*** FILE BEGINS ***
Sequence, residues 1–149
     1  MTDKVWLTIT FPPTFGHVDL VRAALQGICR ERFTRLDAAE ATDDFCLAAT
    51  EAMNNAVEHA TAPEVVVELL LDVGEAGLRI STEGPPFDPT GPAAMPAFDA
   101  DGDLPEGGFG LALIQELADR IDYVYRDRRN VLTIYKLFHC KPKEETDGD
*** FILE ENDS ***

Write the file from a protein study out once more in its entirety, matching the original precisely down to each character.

Sequence, residues 1–149
     1  MTDKVWLTIT FPPTFGHVDL VRAALQGICR ERFTRLDAAE ATDDFCLAAT
    51  EAMNNAVEHA TAPEVVVELL LDVGEAGLRI STEGPPFDPT GPAAMPAFDA
   101  DGDLPEGGFG LALIQELADR IDYVYRDRRN VLTIYKLFHC KPKEETDGD